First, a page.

"Someone is going to come for me. It's what I've wished for all this time. On the morning of March 17th, a person came.
The only problem...I have no idea who she is!"
Hana Morenos is nine, miserable, and abused by her foster parents and step-siblings. She does all the chores, puts up with bullying and beatings, and daydreams about getting away....Enter Michiko Malandro, who recently escaped from Diamandra, a hellish high-security prison, and literally crashes into Hana's life on a scooter. With nothing in common but a man who may be dead named Hiroshi, who's Michiko's former lover and possibly Hana's father, the two embark on a wild trip through the countryside. Traveling through a South America/Brazil pastiche where everyone has Japanese given names, they encounter gangs, are pursued by the police, and learn to appreciate each other—just a little bit.The show, released in 2008, was produced by studio Manglobe; it marked Sayo Yamamoto's directing debut, which she followed with 2012's Lupin III: The Woman Called Fujiko Mine. Coincidentally or not, legendary director Shinichiro Watanabe handled the music direction for both series.Several episodes were done in conjunction with Studio Bonesnote Episode 3, Studio Gainaxnote Episode 8, and Xebecnote Episodes 7 & 9. Funimation has licensed the show alongside The Woman Called Fujiko Mine and both are available for viewing on Hulu. It will be released in the US in September 2013.
Berserk Button: Don't call Atsuko "Jambo" if you don't want to get hurt.
Beware the Nice Ones / The Dog Bites Back: Hatchin has suffered her foster family's abuse for a fair chunk of her life. It took her face being nearly ironed and then being literally kicked out of the house by Maria for her to snap and pummel the crap out of her.
Boobs of Steel: Michiko's well-endowed, and takes (and gives) punches with the best of them. Other characters tend to be armed with guns.
Drunk on Milk: Hatchin at one point drinks some juice, which makes her very drunk. Michiko lampshades it when she realizes this. Falls into Fridge Brilliance and Fridge Horror when you realize that due to the neglect Hatchin has never had juice or sugar and her body can't handle it.
Michiko: You're ridiculous. You're drunk on juice.
Free-Range Children: Hatchin goes off by herself and is left alone by Michiko constantly. The same can be said for all the other children who are encountered, as they are mainly seen without adults. Played with in that they rarely do this for enjoyment, but rather out of necessity.
Reasonable Authority Figure: Michiko—a statuesque woman who works at the circus, not the title character—treats the kids who wind up working for her relatively well and doesn't take any crap from a crooked journalist who wants to make her look bad in order to get a scoop. Subverted when you find out she's selling the kids who aren't useful.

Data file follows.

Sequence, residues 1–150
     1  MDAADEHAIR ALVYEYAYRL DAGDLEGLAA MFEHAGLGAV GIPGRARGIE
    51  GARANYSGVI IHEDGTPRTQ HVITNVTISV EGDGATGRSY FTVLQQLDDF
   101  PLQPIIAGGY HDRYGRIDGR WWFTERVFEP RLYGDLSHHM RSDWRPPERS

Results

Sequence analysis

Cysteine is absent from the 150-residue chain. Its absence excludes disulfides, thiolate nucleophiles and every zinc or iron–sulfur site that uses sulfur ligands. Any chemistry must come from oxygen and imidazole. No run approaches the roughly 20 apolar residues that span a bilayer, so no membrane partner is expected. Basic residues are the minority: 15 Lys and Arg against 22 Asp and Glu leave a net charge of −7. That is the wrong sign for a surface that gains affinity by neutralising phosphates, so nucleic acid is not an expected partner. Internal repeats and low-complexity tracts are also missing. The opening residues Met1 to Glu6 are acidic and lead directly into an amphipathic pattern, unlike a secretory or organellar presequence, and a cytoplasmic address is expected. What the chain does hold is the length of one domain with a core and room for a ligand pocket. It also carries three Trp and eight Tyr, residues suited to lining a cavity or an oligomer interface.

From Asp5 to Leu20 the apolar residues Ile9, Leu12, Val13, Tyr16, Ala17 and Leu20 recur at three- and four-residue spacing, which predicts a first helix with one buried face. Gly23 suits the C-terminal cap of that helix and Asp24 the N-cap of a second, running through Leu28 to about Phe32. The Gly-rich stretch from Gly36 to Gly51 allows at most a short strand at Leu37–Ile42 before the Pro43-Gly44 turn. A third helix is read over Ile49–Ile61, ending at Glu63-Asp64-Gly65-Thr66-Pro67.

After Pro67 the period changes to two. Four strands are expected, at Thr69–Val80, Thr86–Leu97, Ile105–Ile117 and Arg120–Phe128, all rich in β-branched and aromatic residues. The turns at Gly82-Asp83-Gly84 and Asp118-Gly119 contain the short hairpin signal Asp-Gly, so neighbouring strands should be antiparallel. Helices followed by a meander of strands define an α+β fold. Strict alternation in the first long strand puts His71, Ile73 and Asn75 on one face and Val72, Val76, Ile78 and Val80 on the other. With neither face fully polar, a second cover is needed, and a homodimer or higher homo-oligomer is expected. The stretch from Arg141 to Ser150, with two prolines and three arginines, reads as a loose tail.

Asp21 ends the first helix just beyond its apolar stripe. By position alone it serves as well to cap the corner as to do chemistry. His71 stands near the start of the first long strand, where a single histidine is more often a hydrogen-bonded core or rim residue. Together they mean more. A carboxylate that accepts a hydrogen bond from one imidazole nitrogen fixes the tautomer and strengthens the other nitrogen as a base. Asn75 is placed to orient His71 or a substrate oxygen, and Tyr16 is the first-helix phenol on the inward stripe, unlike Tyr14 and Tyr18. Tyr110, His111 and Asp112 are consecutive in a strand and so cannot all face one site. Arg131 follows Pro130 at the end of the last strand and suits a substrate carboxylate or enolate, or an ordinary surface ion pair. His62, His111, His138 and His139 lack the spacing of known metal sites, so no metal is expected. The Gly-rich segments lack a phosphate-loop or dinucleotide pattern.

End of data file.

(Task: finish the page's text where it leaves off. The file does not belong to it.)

Shorter Means Smarter: Hatchin is considerably more rational and observant than the hot-headed, impulsive Michiko.
Shout-Out: The library from episode 15 is full of copies of the Vincent Law book from Ergo Proxy, another Manglobe production.
Sick Episode: Episode 12. Michiko collapses while driving her scooter, and then tries to shrug off her fever by claiming she just has a very "hot body". The rest of the episode is about Hatchin taking care of her.
Wacky Parent, Serious Child: Michiko is the adult and is prone to violence, tantrums, and getting into fights, Hatchin is more calm, takes care of the former when she's drunk and/or sick, and tries to use peaceful negotiations.
What Happened to the Mouse?: Several characters, but most importantly the old dude in episode 14 who was set on a job to assassinate Michiko. He is never mentioned again even though he took Michiko with his car.
Hiroshi, who doesn't seem so important in the end, although he was the main plot and thus the reason why Michiko and Hatchin do all the stuff in the series in the first place. He doesn't seem to give a shit about Hatchin, just takes her with him and Hatchin tells us in the narration that he ran off with another woman.note Truth in Television — some deadbeat dads act exactly like Hiroshi.
The tattoos never get an explanation.
Just who is Hatchin's mother?
Let's face it, the ending really leaves a lot of threads loose and a lot of questions unanswered